Applying the Lessons of Meaningful Use to Interoperability
By Edgar Wilson, Independent Analytical Consultant
As the saying goes, what got us here won’t keep us here.
Politicians, providers, and programmers across the country by now know (or should) that bringing on an enterprise EHR system does not transform care delivery or clinical operations overnight. And the ultimate goal of getting these disparate systems employed by providers across the full spectrum of medical practice to seamlessly communicate with one another remains elusive.
What Meaningful Use did right—forcing EHR adoption—is fundamentally less complex, and less valuable, than the overwhelming cultural, practical transition incumbent in achieving interoperability.
The relatively straight-forward incentive system behind MU fell far short of winning hearts and minds. Work-around solutions, vocal resistance, and litigation all the way up through Congress demonstrated how far the technology was from true “adoption”. Casualties continue to accumulate, as professionals succumb to fatigue and frustration, opting to leave medicine altogether rather than face the bureaucracy and technocracy now taking over.
Compelling providers and clinics to buy new tools is one thing; getting the developers and the end users all to work together and ignore the deep-seated culture of competition, professional self-interest, and notions of proprietary ownership in which they operate is another matter.
As Bradley University’s Theresa Adelman-Mullally explained, “While many nursing faculty members and clinical unit nurses would espouse in principle the value of change, they resist real change because it threatens the familiar, established way of doing things.”
But that is precisely what is needed to implement the HITECH Act’s boldest initiative: developers must agree on a common language to ensure their respective systems can receive, translate, and correctly display records between various networks and systems; users must not only learn to embrace these systems-in-development on the job, they must also abandon all notions of proprietary data, put patients ahead of their organizations or practices, and generally feign as though medicine is one unified network of selfless professionals.
In short, the old way of doing things—everything—needs retooling to fit the HITECH model, incorporating EHRs, ICD-10, ACOs, patient-centered care, and above all, collaboration across lines of practice, network, and specialty.
Incentives and penalties simply cannot do the job alone. For one thing, the Fee for Service model that still prevails (amid mixed signals from the pilot Accountable Care clinics and networks) is a powerful disincentive to intra-clinical collaboration. Advancing the ACO model, in turn, is proving equally unresponsive to incentive-based programs for adoption.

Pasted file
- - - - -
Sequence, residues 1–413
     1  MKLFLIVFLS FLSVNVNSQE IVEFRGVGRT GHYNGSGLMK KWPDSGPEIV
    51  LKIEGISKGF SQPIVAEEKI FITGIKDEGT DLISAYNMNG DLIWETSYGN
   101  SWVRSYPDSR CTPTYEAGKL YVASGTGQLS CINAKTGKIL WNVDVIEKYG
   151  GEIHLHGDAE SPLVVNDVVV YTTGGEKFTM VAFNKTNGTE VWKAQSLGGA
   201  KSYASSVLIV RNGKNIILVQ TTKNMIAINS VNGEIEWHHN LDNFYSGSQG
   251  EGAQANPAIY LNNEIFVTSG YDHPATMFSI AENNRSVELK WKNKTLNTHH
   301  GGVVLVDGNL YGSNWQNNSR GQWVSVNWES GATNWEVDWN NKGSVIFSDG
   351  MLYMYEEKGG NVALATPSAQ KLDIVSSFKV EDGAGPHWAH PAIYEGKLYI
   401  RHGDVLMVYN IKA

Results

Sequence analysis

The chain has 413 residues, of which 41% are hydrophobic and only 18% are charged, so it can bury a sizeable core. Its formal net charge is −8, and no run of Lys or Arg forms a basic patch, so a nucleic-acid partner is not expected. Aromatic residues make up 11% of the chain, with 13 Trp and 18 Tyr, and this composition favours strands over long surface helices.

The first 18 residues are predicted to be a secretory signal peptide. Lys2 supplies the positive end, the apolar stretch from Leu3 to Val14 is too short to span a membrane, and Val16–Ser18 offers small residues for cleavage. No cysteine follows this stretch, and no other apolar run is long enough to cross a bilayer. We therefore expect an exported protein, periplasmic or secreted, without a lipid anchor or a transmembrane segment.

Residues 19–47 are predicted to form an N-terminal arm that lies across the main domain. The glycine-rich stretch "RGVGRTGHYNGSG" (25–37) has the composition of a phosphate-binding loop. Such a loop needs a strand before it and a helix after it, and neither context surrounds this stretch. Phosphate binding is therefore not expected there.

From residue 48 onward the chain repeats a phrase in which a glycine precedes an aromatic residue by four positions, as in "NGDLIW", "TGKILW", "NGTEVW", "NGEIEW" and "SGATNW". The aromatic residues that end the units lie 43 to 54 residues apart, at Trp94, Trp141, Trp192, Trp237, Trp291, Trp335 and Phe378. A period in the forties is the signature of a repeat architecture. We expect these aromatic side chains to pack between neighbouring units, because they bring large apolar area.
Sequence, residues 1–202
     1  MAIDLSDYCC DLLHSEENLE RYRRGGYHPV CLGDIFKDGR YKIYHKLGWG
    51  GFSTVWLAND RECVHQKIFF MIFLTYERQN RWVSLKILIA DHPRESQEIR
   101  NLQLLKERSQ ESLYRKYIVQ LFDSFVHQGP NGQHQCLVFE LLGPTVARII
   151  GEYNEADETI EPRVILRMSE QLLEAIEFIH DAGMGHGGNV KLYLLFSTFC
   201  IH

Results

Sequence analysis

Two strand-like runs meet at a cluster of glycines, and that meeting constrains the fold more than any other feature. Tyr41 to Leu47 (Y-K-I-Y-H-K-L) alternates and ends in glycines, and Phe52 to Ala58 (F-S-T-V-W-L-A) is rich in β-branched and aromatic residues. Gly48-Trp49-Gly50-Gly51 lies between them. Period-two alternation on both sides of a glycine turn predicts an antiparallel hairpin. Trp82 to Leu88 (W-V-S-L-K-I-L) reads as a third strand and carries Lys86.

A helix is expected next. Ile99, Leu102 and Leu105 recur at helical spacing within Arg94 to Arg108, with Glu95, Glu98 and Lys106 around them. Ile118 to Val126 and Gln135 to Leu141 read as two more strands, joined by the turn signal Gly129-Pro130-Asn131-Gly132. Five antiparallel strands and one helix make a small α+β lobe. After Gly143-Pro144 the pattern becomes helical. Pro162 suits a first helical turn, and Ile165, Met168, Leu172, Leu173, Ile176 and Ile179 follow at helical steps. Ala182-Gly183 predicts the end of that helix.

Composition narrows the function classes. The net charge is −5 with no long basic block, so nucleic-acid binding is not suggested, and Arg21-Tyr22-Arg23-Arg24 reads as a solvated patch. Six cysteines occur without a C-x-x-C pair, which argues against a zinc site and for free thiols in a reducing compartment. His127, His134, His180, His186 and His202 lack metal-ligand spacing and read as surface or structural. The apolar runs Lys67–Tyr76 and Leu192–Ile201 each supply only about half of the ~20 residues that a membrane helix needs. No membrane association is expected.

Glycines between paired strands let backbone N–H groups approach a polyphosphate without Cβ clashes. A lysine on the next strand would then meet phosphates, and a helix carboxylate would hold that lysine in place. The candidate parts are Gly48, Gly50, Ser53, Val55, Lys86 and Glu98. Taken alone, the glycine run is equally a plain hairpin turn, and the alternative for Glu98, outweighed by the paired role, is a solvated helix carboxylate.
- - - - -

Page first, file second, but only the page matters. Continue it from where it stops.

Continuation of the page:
Unsurprisingly, data show that those most satisfied with their new EHR tend to be physicians in a large practice and clinic groups. Early adopters, meanwhile, are frustrated to find that their cutting-edge systems were not quite ready for primetime. Those who adopted systems before Q4 in 2012 delivered the lowest satisfaction scores in the Black Book survey of physician experiences. Already, many are endeavoring to replace their old systems entirely.
Interoperability won’t fly if the systems on which it depends were only sufficient for passing MU benchmarks before becoming unworkable or obsolete.
Industry forecasts for patient adoption and demand for remote monitoring devices (and physicians tuned in on the other end) seem set to repeat the MU pattern: a host of manufacturers and programmers are already working to meet the demand. What will be done with all the various data produced by these proprietary devices? Will clinicians undertake to integrate it all into their patients’ records? And if so, what incentive would they then have to turn that data over through an interoperable exchange?
The mobile revolution has already swept through other industries, and health market promises more patients, more consultations, more volume pouring into the FFS model—but no standards to ensure any of the resulting streams of data can make a meaningful contribution to patients’ health databases across the spectrum of care.
To make accountable care work—and improve the chances of interoperability sticking—policymakers need to move past programming behavior through incentives and threats. Education—including initial certification and continuing education—needs closer integration into professional settings, and more mobility. Medical professionals need administrative and governmental support to create an environment where putting patients first doesn’t threaten the viability of the institutions and networks in which they perform.